Assuming that these tests are within normal range, the next recommendation would be to add a few tests that are specifically geared to reading problems. There are a million assessments that test reading skills and it can become overwhelming. One test to be considered is the Peabody Picture Vocabulary Test (PPVT-R) which uses picture recognition as a means to measure vocabulary and non-verbal reception.  A few tests geared more toward specific age groups are the Formal Reading Inventory (FRI) which tests silent reading comprehension and oral reading accuracy and the Gray Oral Reading Test-Diagnostic (GORT-D) which measures reading comprehension, decoding, cipher knowledge, and syntax. A talk with teachers and caregivers would give a better insight into what precise reading tests would give the best measures.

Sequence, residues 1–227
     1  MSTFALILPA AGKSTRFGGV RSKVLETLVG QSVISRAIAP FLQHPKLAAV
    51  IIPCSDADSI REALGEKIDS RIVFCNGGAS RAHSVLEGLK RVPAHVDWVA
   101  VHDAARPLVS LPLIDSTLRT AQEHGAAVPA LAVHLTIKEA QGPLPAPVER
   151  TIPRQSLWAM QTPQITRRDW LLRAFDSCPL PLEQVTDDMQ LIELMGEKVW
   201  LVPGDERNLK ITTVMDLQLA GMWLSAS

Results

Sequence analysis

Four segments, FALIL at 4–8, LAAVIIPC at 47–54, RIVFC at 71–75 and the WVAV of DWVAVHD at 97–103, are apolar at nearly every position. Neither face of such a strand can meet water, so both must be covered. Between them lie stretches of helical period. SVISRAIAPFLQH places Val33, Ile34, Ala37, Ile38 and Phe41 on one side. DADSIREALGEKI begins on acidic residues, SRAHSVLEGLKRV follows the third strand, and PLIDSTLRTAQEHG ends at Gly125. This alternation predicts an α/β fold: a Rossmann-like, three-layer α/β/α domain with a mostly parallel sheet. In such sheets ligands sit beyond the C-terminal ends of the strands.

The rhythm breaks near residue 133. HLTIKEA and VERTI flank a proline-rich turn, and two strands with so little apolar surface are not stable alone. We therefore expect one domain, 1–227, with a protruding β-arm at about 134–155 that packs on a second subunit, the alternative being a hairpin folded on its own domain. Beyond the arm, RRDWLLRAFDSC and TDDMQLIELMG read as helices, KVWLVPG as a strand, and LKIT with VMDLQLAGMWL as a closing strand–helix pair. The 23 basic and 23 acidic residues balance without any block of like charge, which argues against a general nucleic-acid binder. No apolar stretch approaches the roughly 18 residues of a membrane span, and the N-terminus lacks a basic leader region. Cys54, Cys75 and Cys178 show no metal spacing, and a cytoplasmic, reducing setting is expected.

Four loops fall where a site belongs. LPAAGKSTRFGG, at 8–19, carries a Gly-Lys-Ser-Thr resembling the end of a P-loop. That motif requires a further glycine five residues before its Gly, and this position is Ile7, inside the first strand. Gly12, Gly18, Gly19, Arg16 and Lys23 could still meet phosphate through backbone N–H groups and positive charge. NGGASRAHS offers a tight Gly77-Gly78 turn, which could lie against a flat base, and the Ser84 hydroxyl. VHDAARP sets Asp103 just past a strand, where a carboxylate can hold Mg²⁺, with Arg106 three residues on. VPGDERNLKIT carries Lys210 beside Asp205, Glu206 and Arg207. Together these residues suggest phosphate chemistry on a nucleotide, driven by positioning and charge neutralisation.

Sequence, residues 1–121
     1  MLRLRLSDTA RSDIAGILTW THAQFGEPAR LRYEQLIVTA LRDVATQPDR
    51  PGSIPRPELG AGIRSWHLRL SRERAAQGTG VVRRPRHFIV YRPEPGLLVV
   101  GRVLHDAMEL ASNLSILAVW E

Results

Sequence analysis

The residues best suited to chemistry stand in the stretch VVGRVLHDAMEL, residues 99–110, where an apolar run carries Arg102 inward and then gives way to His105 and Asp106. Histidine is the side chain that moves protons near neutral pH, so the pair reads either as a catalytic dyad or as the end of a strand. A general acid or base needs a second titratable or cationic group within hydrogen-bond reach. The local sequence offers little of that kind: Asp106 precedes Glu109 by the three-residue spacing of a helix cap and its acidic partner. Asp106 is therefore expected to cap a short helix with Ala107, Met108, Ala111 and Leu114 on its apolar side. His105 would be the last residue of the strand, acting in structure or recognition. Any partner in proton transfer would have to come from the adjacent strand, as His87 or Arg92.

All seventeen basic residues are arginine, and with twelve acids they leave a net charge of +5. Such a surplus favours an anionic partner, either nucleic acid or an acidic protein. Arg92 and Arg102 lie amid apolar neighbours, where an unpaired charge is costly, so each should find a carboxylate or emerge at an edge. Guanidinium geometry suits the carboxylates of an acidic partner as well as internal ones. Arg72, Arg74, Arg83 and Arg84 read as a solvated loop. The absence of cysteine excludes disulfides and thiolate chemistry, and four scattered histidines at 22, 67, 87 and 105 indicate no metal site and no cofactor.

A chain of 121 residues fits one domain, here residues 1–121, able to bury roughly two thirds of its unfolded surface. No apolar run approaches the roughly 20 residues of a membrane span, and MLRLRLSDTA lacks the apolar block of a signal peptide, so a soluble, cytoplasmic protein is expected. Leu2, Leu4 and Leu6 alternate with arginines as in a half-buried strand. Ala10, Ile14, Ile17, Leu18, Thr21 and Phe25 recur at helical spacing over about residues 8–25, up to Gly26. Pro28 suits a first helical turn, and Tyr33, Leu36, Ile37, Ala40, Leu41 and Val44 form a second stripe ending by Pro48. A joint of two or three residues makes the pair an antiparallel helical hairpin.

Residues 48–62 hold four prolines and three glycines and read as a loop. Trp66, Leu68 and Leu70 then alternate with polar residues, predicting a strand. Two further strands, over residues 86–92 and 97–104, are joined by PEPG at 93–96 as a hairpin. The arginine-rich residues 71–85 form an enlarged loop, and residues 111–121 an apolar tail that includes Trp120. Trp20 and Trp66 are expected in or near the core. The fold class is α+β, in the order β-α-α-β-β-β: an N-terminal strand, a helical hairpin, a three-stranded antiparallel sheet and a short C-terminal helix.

Depending on these results, and maybe even despite them, a Child Behavior Checklist (CBCL), which specifically evaluates behaviors associated with learning disabilities could also help with insight into what may be more (or less) than a reading disability. This would help involve parents and teachers, as there is a checklist for them, amplifying the interaction they have with the child. Low self-esteem, shortages in social skills, and embarrassment can be large factors in children that have been struggling with reading.  The older the child, the more suffering she or he has likely been dealing with, possibly since the beginning of his or her school career and consequently, the child may have many more issues that have arisen and reading difficulties may be a symptom of something else altogether. The Vineland Adaptive Behavior Scale (VABS) is another test that can be used if this is suspected and assesses social competence such as communication, daily living, socialization, and motor skills.